I love to camp, especially in colder climates where I can light a fire and get inside my Arctic sleeping bag and get comfy.
Camping also allows us to see the nocturnal side of nature, which is an adventure in and of itself – especially in places like Australia where the wombats come out to play after dark!
There’s no need to ever spend for accommodation again unless you actually want to. With these two options at your disposal, there’s no reason why you should.
2. Hitchhike or Cycle
I know, I know, you’ve seen the movies where the crazy guy with the pick axe in the back on his car picks up the lone hitchhiker on the side of the road and then brutally murders her before feeding her to the starving hogs on his secluded pig farm.
There’s just one problem – hitchhiking is just not like that, at all! I’ve hitched all over, and I’ve had nothing but pleasant experiences. My furthest hitch was from Sydney to Brisbane, an epic 12 hour overnight journey, which didn’t cost me a single cent and which I covered having to catch only 2 rides.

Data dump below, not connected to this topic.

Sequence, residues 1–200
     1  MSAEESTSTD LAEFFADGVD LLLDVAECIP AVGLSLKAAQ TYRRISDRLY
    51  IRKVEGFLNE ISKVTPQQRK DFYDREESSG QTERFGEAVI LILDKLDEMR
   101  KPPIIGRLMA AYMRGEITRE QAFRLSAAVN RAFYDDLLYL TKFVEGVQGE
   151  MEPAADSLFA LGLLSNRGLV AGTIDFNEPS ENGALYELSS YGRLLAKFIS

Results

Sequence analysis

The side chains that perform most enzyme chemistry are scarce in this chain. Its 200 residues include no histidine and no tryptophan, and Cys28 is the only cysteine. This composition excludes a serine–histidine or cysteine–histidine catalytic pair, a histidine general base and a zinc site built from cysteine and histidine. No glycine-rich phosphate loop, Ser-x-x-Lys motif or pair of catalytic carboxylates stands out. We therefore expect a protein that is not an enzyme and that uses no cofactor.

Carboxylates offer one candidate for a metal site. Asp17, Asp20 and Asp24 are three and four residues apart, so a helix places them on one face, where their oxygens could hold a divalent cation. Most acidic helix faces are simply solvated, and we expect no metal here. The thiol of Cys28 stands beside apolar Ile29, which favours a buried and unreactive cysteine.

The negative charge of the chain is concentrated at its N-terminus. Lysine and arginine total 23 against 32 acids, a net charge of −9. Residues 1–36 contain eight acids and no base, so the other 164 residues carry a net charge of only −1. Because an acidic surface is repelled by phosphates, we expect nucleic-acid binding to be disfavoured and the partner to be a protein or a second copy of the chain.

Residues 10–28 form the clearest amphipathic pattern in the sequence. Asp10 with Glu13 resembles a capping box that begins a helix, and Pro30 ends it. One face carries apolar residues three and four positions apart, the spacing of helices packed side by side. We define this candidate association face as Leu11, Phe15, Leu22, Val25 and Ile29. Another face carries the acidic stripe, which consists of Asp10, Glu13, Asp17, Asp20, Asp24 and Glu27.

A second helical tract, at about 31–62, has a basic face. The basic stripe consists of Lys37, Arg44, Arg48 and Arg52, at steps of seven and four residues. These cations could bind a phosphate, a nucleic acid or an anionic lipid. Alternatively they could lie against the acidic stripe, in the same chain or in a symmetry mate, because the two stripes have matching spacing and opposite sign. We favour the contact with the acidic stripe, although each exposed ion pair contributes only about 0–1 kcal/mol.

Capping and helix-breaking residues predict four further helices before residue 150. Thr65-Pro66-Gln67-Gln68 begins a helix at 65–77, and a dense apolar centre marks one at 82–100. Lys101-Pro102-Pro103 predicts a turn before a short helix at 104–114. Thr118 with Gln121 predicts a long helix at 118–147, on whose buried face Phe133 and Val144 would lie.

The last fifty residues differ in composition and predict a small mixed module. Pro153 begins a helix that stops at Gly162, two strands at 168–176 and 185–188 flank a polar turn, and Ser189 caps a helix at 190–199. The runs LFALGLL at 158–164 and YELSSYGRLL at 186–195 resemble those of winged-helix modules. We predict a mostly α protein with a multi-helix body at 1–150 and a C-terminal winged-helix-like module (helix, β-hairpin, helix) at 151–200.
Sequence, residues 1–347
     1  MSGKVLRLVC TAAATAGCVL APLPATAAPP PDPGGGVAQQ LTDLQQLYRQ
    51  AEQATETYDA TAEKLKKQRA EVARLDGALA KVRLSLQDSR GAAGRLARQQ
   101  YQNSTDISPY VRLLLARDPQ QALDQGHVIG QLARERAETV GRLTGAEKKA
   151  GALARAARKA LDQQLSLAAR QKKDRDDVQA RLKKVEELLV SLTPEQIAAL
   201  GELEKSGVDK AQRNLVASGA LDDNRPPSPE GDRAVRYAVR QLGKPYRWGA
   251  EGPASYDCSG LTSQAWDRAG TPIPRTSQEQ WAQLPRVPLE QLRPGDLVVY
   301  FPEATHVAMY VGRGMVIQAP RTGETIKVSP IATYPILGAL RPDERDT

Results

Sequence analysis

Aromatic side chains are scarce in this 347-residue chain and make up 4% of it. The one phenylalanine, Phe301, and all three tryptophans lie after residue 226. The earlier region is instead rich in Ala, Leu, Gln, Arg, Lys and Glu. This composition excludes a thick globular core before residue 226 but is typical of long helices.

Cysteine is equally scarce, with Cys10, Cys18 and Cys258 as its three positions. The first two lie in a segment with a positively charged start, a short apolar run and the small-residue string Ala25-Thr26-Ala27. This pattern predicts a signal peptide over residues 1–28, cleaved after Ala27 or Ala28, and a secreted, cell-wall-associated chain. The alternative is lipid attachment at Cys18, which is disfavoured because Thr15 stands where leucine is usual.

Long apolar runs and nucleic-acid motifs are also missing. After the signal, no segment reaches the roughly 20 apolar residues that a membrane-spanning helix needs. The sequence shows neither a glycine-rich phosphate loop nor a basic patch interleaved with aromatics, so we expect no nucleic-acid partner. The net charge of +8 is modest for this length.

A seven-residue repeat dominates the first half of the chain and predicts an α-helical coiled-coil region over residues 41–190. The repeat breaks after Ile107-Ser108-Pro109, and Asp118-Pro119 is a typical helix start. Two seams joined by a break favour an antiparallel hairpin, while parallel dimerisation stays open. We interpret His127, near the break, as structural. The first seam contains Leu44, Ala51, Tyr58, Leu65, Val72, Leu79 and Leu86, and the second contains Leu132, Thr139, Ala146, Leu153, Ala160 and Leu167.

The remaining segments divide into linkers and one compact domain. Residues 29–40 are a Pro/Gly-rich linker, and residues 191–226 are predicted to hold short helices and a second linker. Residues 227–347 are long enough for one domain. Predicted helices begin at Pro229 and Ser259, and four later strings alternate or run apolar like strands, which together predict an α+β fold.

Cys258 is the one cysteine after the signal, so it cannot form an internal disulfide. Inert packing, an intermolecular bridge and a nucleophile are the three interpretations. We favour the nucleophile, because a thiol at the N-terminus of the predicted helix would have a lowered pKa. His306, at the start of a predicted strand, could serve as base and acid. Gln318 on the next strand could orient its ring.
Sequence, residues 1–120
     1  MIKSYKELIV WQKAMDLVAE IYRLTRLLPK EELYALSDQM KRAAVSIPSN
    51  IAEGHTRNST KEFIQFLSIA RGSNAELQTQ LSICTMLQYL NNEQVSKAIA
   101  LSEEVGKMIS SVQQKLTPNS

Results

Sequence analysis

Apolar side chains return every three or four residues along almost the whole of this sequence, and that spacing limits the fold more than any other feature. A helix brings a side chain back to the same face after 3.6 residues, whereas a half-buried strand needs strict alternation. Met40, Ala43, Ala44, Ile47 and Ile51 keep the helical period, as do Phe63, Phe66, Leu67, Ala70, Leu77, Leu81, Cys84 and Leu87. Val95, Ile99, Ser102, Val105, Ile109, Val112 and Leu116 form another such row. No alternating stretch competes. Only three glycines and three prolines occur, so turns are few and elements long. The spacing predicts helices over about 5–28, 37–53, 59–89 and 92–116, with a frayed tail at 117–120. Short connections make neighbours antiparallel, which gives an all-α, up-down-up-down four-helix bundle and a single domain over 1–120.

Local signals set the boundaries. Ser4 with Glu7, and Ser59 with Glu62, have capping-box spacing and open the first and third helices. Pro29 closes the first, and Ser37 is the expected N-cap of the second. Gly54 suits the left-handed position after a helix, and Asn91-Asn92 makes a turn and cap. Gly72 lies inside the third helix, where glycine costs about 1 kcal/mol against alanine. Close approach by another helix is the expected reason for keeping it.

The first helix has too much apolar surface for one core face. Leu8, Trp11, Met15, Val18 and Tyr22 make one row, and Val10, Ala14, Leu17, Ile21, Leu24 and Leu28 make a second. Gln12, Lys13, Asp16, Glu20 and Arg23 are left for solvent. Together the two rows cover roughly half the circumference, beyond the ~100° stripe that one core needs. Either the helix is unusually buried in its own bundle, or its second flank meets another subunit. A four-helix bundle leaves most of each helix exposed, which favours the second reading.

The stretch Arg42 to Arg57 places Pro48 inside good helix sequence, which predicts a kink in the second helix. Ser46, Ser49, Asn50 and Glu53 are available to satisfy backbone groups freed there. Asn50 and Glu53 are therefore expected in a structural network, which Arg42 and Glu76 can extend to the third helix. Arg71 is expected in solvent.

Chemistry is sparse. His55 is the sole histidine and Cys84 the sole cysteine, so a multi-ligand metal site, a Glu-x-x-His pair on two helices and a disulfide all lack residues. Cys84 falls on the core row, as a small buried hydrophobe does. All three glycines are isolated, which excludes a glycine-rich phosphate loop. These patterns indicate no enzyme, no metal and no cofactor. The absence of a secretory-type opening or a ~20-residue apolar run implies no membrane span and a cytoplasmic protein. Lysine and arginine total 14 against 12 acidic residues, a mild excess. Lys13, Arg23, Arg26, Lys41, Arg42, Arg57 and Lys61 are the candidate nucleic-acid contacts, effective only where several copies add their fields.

I personally found out about the subculture of hitchhiking through a now defunct community called Digihitch – but I also met several members of the community in real life, including Juan Valarino, an Argentine backpacker who hitchhiked from Belfast to Bangkok through countries like Iran, Iraq and Afghanistan, smashing cultural boundaries and breaking down the walls that separate us as he went.
Hitchhiking isn’t always the best option, and in places like Western Europe you have virtually no chance of catching a ride. However, head to Australia, America, Canada or any of the other ‘vast open road’ countries and you’ll find a hitchhiking culture that’s very much alive and well.
I personally have found that the majority of people who give you a ride are people who have hitchhiked themselves, and so some great stories can be told along the way.
Another way of getting from A-B for free is by volunteering to drive people’s cars from one location to another, but I don’t know enough about it to comment and don’t see myself trying at any time soon. Perhaps someone in the comments could talk more about this option?
If none of these options work for you, you could always cycle! It’s possible to cover up to 60-70km a day if you’re fit and healthy, making for a phenomenal tale to tell and allowing you to get ridiculously fit at the same time.
Don’t think that’s possible? Tell that to Heinz Stucke.
3. Grocery Shop Late at Night